News 25 Mar 13

Albania is Europe's Most Homophobic Country, Survey Says

Data from a new survey released to Balkan Insight by the Open Society Foundation, OSFA, reveal that the vast majority of Albanians are conservative and disapprove of the gay and lesbian lifestyle.

Besar Likmeta
BIRN
Tirana
Gay rights acticvists ride in Tirana against homophobia | Photo courtesy of Pro LGBT

The results, part of the European Social Survey, ESS, which will be published on Tuesday, suggest that Albania is the most homophobic society of the countries included in the survey.

According to the survey, data 53 per cent of Albanians believe that "gays and lesbians should not be free to live life as they wish," the largest percentage holding that opinion in the survey. 

By contrast, according to the ESS data, the least homophobic countries in Europe are Sweden and Netherlands, where only 3 per cent of the population believe that gays and lesbians do not have the right to live openly in society.

Apart from Croatia, the ESS survey does not include other countries in the Western Balkans, where homophobia is believed to be equally strong, if not higher.

The survey also found that a vast majority of Albanians do not approve of cohabitation before marriage, with 95 per cent of the respondents saying that they have never lived with a partner before nuptials.

In comparison, in other countries in the region, such as Bulgaria and Croatia, 10 and 15 per cent of the respondent respectively said they had lived with a partner before marriage.

In socially liberal Scandinavian countries, like Sweden and Denmark, nearly half of the respondents to the survey said they had cohabitated with their partners before tying the knot.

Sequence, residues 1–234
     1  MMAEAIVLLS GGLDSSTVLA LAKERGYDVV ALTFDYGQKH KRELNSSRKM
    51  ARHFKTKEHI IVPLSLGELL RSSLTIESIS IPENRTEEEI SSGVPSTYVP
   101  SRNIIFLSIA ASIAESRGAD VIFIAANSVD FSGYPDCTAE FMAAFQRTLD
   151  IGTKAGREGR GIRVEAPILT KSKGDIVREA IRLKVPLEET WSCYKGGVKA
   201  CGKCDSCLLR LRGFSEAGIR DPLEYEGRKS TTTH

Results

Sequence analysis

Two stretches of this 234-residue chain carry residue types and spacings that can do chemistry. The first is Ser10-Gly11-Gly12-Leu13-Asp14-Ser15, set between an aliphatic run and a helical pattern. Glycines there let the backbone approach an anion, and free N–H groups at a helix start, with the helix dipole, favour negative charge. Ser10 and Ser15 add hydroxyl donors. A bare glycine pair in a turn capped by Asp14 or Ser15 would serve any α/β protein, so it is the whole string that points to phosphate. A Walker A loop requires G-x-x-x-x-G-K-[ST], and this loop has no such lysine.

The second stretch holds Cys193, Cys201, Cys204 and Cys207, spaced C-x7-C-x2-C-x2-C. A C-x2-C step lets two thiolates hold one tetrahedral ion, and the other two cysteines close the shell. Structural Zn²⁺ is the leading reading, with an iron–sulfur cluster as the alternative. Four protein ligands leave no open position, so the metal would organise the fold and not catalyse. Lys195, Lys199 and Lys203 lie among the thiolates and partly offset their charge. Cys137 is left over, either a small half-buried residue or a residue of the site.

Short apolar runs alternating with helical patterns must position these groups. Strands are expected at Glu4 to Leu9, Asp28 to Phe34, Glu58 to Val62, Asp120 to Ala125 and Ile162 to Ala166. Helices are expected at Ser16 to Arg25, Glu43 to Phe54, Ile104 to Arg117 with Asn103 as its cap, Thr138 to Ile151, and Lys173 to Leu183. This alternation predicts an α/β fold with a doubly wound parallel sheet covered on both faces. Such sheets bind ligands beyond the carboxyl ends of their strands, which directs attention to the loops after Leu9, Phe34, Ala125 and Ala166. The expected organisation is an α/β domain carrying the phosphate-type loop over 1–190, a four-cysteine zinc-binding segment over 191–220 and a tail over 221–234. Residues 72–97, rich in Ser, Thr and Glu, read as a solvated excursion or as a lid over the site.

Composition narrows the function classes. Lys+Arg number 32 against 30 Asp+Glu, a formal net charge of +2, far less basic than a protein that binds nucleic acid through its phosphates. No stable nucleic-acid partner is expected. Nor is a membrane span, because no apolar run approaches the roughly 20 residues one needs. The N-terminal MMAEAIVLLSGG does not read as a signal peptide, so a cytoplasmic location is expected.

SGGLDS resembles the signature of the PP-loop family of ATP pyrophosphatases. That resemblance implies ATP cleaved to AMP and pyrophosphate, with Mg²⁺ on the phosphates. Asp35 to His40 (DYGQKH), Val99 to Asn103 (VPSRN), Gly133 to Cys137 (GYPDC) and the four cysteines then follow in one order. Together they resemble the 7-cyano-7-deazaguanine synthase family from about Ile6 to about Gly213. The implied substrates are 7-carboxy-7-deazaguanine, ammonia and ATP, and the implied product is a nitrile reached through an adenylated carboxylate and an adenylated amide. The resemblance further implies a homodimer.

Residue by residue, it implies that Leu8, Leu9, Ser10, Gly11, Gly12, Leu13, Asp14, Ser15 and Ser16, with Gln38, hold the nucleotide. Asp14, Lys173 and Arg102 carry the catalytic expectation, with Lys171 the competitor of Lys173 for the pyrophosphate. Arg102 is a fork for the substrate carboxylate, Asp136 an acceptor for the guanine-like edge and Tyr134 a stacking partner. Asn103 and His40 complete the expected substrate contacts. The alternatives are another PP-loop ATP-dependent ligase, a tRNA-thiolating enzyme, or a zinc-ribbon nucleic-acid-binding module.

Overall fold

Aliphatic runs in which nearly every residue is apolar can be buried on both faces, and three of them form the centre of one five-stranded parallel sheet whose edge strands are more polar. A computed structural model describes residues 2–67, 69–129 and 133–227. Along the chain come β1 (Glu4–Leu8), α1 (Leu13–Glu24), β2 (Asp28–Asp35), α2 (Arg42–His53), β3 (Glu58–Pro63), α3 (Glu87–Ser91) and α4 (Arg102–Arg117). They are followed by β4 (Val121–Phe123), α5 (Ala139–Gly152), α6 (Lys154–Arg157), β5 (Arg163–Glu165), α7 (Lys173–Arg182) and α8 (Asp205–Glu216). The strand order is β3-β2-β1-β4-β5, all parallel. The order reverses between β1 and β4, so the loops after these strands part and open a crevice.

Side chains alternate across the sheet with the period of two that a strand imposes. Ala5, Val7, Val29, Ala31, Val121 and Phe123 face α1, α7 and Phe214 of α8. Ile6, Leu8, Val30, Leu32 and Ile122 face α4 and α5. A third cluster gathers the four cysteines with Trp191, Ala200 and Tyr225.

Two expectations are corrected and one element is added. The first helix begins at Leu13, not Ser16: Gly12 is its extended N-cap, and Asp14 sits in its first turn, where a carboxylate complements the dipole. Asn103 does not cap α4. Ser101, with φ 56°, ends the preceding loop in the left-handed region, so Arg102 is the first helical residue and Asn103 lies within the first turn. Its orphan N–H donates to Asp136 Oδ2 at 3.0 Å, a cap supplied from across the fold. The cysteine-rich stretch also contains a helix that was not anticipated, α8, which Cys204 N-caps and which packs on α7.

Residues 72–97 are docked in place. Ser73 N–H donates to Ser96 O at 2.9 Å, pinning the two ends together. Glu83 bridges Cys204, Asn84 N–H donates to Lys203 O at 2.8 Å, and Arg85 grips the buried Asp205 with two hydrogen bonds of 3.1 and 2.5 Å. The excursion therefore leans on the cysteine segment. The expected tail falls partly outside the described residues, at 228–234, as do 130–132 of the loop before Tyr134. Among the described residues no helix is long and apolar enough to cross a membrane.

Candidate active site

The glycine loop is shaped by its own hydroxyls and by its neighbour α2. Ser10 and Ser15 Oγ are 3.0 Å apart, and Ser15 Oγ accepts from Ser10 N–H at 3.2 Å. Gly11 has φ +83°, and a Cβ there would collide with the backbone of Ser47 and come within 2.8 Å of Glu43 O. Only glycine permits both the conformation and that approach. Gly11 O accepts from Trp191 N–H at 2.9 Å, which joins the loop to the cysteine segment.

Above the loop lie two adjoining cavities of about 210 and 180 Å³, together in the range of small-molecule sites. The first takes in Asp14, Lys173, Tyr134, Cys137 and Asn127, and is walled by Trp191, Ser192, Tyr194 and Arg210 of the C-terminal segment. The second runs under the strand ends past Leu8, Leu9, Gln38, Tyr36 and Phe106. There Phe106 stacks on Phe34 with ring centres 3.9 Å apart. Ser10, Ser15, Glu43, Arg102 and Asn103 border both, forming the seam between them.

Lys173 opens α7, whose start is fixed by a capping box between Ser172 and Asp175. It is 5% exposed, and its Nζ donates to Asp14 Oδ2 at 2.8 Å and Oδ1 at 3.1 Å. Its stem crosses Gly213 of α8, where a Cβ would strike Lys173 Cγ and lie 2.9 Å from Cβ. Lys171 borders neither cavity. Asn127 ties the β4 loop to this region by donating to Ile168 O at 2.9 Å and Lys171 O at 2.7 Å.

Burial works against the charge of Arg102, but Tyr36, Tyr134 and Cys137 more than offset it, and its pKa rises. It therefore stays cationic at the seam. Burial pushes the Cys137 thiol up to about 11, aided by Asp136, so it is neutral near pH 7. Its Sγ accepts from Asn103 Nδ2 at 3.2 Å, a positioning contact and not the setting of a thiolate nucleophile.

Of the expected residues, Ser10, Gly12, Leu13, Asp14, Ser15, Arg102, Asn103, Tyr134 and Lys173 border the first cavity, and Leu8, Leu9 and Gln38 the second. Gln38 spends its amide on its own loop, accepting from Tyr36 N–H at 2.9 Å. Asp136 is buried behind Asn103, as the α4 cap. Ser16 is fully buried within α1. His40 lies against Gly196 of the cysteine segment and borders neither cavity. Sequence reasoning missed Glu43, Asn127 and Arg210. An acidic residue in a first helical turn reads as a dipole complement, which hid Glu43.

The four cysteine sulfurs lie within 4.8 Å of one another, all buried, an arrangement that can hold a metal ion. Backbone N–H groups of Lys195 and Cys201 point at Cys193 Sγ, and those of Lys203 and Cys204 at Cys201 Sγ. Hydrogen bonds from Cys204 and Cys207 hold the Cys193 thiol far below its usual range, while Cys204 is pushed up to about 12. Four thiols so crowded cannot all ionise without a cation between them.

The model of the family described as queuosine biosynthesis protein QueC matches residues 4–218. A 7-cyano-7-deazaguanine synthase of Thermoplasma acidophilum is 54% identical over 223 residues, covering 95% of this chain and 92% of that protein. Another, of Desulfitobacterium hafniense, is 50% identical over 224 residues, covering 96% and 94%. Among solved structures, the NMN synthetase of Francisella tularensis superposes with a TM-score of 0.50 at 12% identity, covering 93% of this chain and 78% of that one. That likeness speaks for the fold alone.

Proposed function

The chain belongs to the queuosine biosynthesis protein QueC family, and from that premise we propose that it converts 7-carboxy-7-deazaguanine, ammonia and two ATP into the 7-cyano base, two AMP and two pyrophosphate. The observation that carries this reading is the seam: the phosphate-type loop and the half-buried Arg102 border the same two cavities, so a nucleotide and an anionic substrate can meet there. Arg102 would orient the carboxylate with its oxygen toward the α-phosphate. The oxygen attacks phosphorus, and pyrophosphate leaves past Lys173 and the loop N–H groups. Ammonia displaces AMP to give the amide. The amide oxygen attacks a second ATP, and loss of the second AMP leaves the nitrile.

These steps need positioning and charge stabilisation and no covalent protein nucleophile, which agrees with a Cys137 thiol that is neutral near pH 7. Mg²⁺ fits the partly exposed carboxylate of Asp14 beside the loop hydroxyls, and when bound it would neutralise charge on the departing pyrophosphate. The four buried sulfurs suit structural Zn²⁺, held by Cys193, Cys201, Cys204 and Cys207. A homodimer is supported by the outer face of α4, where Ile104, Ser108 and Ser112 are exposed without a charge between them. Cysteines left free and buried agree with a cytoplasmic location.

Xheni Karaj, a Tirana gay rights activist, told Balkan Insight that the survey’s findings reflect the discrimination that members of the community face every day in Albania.

“It’s part of a mentality that does not see us as members of the community, and often perceives [being gay] as a phenomenon imported from developed countries and that there is no such thing as homosexual in Albania,” she said.

“People should understand that we have been, are and will countinue to be Albanians and homosexual,” Karaj added.

Established in 2001, the European Social Survey is conducted biannually and 2012 was the first time it was conducted in Albania.

An academically-driven social survey, ESS, was designed by a group of researchers at City University in London to chart and explain the interaction between Europe's changing institutions and the attitudes, beliefs and behavior patterns of its diverse populations.

The survey, currently in its sixth round, takes place in over 30 countries and in Albania was conducted by OSFA. According to the foundation 1,600 people were interviewed in the country, using tablets PCs, and 1208 questionnaires were valid.

“For the size of Albania’s population the survey is considered representative on a national scale," OSFA said.

The survey also found that Albanians feature at the bottom of the social trust index, a pattern among former communist countries in Eastern Europe.  

“On a scale from 0 to 10, trust felt by Albanians towards fellow citizens scores on average 3.0, which is the lowest among all 28 countries surveyed,” OSFA said.

According to the survey, Albanians not only distrust each other but also their national institutions and actors, particularly politicians and political parties. 

By contrast, they put a lot of faith in distant supranational institutions such as the United Nations and the European Parliament, which are bestowed with much higher trust in Albania than in all other countries surveyed, including EU member states.

The only two nations with lower trust in politicians are Greeks and Croats.

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